Illustration by Sevinch Rakhmon-Zoda

Your Weekly Playlist Recs

Welcome to the Music Corner! For any of you looking for new music to vibe to during study time at the Library, please enjoy the read.

Sep 26, 2022

There is a Bulgarian saying that goes “New year, new luck.” While it is usually used in the context of New Year’s Eve, it can also be a great motto for every new beginning. There is wonderful news from the music industry to discuss this week, exceptional throwbacks to celebrate and quirky music recommendations to dig up from the backrooms. Let’s start this party off right with a fresh selection of tunes released between Sept. 14 and Sept. 21 to add to your “Favorites” playlist…
New Releases
rising (the deluxe) by mxmtoon
This album is just an endless indie TikTok sound. Full of happy vibes and soft jingles, the music transports you to the pastel world in which Katy Perry filmed “California Gurls” back in 2010.
Yet, the lyrics reveal a lot about the zeitgeist of our generation. The combination of overly optimistic melodies and fairly dark anxiety-filled lyrics really emphasize a key aspect of being Gen Z: we make fun of our problems, but at least we talk about them openly.
The vulnerability and honesty of “victim of nostalgia”, a song about the fear of missing out (a recurring theme in this issue), and of “sad disco” and “florida”, strike enough chords on one’s heart strings without being overwhelming tear-jerkers.
Musically, the album is one of the most diverse in the indie pop charts with clear influences from several genres, including reggae, funk, Americana folk, 2010s pop rock and 90s hip hop. A sophisticated yet delightful energizer, this album boosts productivity to the maximum, and that’s experimentally proven.
Earlier Releases (Sept. 9)
Albums that are just too good to ignore.
As Above, So Below by Sampa the Great
Sampa Tembo returns to reclaim her name as The Great. The Zambian singer-rapper-songwriter has not come to play, she has come to revolutionize the world music scene.
Mixing traditional Zambian rhythms and melodies for the backing vocals with the latest trends in pop and rap, Sampa the Great single-handedly wrecks all expectations, limitations and hesitations for other artists from her genre(s) and background.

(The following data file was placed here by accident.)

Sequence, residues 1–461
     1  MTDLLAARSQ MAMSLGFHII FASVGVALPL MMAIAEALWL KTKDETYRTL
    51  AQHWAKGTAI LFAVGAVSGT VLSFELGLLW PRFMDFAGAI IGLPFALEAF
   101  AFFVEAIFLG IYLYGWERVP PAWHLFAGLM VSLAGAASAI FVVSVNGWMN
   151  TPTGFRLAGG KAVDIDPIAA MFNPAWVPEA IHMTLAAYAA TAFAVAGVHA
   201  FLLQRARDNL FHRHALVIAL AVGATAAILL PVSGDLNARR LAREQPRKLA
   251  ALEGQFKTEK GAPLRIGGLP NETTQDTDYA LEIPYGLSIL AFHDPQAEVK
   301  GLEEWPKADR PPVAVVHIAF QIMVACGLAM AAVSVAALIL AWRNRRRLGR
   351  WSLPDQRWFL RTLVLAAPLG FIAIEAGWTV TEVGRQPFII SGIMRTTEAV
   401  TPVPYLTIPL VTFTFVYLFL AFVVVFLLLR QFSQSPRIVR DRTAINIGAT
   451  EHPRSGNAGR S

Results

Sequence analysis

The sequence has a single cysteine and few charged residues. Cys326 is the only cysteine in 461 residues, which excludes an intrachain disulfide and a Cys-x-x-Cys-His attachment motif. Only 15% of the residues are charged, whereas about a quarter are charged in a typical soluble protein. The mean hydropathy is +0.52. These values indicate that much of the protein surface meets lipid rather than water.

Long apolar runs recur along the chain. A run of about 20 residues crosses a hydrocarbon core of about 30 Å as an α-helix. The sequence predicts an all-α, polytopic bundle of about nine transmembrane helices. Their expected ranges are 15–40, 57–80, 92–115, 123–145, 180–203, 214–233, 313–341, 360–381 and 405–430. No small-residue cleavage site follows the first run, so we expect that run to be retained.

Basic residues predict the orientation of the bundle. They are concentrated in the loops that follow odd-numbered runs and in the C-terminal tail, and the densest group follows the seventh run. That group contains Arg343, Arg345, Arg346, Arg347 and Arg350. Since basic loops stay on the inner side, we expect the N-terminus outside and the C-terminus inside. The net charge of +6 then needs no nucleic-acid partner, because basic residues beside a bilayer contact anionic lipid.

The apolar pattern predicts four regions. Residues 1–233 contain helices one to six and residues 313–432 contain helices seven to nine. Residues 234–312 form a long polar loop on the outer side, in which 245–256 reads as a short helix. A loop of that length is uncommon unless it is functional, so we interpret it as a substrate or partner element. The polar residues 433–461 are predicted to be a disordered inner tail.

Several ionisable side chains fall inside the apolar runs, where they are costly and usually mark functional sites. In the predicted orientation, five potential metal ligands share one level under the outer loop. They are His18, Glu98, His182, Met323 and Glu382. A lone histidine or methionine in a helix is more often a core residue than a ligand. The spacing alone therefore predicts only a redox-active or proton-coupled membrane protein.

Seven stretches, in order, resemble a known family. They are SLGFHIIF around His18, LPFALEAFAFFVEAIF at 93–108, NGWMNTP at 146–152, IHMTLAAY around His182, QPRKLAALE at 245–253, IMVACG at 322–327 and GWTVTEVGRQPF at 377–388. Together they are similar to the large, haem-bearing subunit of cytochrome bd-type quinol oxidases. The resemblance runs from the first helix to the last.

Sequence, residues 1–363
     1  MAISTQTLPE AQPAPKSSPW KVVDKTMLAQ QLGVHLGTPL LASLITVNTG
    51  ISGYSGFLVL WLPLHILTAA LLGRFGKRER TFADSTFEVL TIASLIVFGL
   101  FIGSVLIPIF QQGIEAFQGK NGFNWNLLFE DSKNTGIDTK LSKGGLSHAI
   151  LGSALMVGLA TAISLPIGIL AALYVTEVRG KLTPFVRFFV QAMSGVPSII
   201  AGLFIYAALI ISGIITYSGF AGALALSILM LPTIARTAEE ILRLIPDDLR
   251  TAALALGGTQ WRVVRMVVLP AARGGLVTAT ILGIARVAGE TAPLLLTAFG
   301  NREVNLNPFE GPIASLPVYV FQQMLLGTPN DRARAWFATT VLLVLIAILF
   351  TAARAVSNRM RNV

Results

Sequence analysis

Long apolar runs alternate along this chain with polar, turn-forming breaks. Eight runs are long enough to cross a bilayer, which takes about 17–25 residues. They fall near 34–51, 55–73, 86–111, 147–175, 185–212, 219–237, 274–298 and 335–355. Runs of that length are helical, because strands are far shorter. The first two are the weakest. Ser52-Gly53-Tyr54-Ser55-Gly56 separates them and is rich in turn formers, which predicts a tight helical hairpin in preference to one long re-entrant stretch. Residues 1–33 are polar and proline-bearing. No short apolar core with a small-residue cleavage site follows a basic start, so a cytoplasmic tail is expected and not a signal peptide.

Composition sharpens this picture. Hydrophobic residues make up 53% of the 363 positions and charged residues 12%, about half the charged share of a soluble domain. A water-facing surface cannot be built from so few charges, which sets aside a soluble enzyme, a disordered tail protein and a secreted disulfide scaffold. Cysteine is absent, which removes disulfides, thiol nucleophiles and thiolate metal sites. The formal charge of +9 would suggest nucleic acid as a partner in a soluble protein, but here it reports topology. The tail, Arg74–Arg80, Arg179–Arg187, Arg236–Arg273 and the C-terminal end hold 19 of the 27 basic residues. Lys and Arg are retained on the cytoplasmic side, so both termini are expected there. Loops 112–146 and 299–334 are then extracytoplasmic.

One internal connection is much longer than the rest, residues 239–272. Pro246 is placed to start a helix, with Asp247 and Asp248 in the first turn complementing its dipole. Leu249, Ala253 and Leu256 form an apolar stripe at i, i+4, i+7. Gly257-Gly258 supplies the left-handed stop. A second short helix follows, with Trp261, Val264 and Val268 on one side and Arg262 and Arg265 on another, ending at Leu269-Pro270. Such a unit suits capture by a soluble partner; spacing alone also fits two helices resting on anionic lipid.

The confident and provocative lyrics of the tracks are timely yet timeless, combining prog-rap phrases and near-academic statements, thus telling stories of doubt, hurt, and injustice, but also of empowerment, new beginnings and hope.
age/sx/location* by Ari Lennox
Since we’re talking about luck, this album was truly a lucky find. An easy listen, the twelve RnB tracks Ari Lennox serves us this week are the perfect addition to any new-wave feminist’s catwalking playlist.
Funeral by Arcade Fire (release date: Sept. 14, 2004)
Amidst the accusations against lead vocalist Win Butler for sexual assault, it is difficult to praise an Arcade Fire album, even though it has really stood the test of time. Funeral remains a quintessential playlist pick for any alternative rock fan and is revered by many as a foundational album for this genre as well. But today it only makes us raise important questions: can we separate art from the artist and, if yes, in what cases? Can we still go on appreciating the work of a band if one of their members is accused of such a crime? And who decides what the correct answers are?
SZNZ: Autumn by Weezer
Alright, Weezer have long ago lost their musical merit in the public eye, agreed. Their meme merit, though, has peaked this year with the creation of a cycle of four albums, which take inspiration from Antonio Vivaldi’s Four Seasons. The musical series SZNZ has already brought us incredible lyrics like “Shakespeare makes me happy” to the tune of a country-esque version of Vivaldi’s “Spring” and “Hey, guys why don’t we torture the humans/ Yes, why don’t we do it for entertainment?” in the heavy metal rendition of “Summer.” So look out this week for more content from Weezer’s Monty Python-inspired era.
Yana Peeva is Deputy Columns Editor. Email her at
gazelle logo